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Sept. 14, 2006, 12:26AM


Feds to require systems meant to boost control, prevent rollovers


The Detroit News

WASHINGTON — Federal regulators will announce today plans to require

electronic stability control in all vehicles, a move that advocates call

the single greatest vehicle safety improvement since the seat belt.

Once all vehicles are equipped with the stability systems, likely by 2012,

it's estimated they could save at least 10,000 lives and eliminate 500,000

crashes annually, while saving billions of dollars in medical, repair and

insurance costs.

Electronic stability control (ESC) helps drivers maintain control of a

vehicle, especially on wet or icy roads, when they would otherwise veer

off the pavement or out of their lane.

Stability control also prevents up to 80 percent of rollovers in sport

utility vehicles. The higher center of gravity of SUVs makes them more

prone to tip over.

The University of Michigan Transportation Research Institute said ESC

reduces the odds of fatal rollovers by 73 percent in SUVs and 40 percent

in passenger cars, comparing it to a "guardian angel sitting on the

shoulder of the driver."

Using computer sensors that automatically activate brakes to make course

corrections, ESC works invisibly. The system prevents accidents from ever

happening, safety advocates and automotive industry officials say.

"Lots of drivers have no idea that it just saved their life or prevented a

terrible accident," said Bill Kozrya, president and CEO of Troy,

Mich.-based Continental Automotive Systems, which makes more than 40

percent of all stability control systems.

In July, National Highway Traffic Safety Administration chief Nicole Nason

told Congress that electronic stability control would save 10,600 lives a

year when fully implemented.

"This proven technology senses when a driver may lose control and

automatically stabilizes the vehicle," Nason told a House committee.

The king of safety remains the safety belt, introduced by Ford in 1955.

The NHTSA says safety belts save at least 12,000 lives and $50 billion in

medical care, lost productivity and other injury-related costs.

Two years of testing

The NHTSA will outline its new regulation today after two years of testing

on 50 vehicles. The agency will give automakers and others time to comment

and seek changes.

Congress gave NHTSA until 2009 to issue a final regulation.

Because of the lengthy planning in automotive product cycles, NHTSA

typically gives carmakers three years to implement a new regulation once

it's finalized. It could take until 2012 to see full compliance.

"We will need time to ensure that nothing in this proposed rule would

inhibit our members to keep adding this life-saving technology to more and

more vehicles," said Gloria Bergquist, vice president at the Alliance of

Automotive Manufacturers.

No industry standard

The industry supports the technology despite its costs. Providing the

system on every vehicle will cost about $200 per vehicle, or about $3

billion a year for the auto industry.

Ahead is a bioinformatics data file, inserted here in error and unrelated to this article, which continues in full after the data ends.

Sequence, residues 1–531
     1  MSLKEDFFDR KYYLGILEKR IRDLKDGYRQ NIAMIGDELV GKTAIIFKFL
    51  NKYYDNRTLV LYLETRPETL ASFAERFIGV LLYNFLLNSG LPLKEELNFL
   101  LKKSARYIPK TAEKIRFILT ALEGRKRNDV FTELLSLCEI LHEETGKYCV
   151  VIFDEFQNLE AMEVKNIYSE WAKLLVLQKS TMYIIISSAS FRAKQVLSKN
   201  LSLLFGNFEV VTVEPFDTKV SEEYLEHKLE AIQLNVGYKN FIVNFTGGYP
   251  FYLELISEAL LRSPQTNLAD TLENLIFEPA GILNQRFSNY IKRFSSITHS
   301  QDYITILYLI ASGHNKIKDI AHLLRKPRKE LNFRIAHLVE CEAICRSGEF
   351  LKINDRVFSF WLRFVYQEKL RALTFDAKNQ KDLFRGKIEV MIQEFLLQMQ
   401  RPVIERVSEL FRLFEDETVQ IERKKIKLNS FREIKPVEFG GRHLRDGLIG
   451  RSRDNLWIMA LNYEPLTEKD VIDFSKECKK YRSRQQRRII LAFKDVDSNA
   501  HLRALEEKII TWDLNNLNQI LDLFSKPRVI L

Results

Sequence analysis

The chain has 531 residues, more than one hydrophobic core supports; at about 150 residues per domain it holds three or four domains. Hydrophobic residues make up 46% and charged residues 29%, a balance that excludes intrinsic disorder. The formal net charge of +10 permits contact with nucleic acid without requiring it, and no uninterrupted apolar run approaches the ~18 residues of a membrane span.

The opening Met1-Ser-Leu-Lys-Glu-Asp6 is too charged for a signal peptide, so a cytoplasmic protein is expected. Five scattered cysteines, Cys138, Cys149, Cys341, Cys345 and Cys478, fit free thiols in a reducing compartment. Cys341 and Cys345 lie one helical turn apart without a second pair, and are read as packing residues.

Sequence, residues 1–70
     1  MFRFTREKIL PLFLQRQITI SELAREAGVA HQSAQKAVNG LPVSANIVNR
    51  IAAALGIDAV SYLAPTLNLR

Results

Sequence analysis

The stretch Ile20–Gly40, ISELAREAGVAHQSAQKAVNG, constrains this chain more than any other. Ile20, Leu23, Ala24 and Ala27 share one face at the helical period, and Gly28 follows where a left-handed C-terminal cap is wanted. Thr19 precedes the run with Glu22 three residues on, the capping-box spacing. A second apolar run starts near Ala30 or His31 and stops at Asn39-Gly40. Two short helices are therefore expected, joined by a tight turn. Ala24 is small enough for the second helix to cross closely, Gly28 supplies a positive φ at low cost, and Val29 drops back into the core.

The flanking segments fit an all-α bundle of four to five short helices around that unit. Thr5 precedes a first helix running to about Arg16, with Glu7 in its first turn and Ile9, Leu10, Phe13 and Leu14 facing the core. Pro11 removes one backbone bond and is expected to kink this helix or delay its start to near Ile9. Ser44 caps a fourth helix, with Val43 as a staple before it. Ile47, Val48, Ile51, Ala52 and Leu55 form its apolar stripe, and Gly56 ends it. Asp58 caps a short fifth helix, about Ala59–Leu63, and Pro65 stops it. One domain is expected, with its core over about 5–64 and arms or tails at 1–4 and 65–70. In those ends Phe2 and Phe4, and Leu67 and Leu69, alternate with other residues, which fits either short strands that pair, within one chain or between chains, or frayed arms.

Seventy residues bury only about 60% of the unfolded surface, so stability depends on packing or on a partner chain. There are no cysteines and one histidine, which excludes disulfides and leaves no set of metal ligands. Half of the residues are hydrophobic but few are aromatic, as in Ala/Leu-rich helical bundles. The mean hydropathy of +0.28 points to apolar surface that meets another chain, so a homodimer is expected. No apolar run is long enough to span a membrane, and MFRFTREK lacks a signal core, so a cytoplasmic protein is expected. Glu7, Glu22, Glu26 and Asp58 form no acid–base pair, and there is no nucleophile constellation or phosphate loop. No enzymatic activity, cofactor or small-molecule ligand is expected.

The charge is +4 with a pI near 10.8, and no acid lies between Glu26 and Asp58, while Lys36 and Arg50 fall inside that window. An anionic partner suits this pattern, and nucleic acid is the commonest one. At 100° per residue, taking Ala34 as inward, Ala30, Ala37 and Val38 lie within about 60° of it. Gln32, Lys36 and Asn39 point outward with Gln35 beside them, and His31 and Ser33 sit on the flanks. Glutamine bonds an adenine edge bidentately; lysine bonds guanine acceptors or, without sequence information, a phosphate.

However, automakers use different names for the feature, sometimes

confusing consumers. Many drivers who have the system aren't sure if they

have it or how it works.

General Motors, which has promised to make the system available on all

models by 2010, calls its system StabiliTrak. The feature is also known as

Electronic Stability Program and Active Handling.

The proposed rules will outline what will qualify as ESC and other

technical requirements.

Joan Claybrook, president of the consumer advocacy group Public Citizen,

said suppliers of the technology have begun using consumer education

campaigns and lobbying federal officials to create demand for it.

The Washington Post contributed to this report.


Drive your car.

Use your cell phone.


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  • 5 months later...

Computers That Help You Handle Skids Like a Pro - New York Times

February 18, 2007


Computers That Help You Handle Skids Like a Pro


ROUNDING up the teenagers and heading to a snow-covered parking lot for driving

lessons has been a winter tradition for generations.

A wide-open expanse of slippery pavement gives neophytes a chance to learn skid

control under a parent’s watchful eye — though many teenagers surely do it on

their own — providing not only a course in crash avoidance, but a howling good

time, too. In a matter of hours, a new driver could learn the importance of a

light touch on the brakes and steering, and what to do when a spin seems


But the spread of computer-driven features like antilock brakes and electronic

stability control may have relegated such excursions to family lore. And the

role of computers in driving safety, already well established in brake and

accelerator controls, continues to grow and to take on more responsibility —

even correcting the steering of a hamfisted driver.

The benefits of electronic stability controls are so widely acknowledged that

the National Highway Transportation Safety Administration in September proposed

new rules that would make the systems mandatory on new vehicles in 2011. The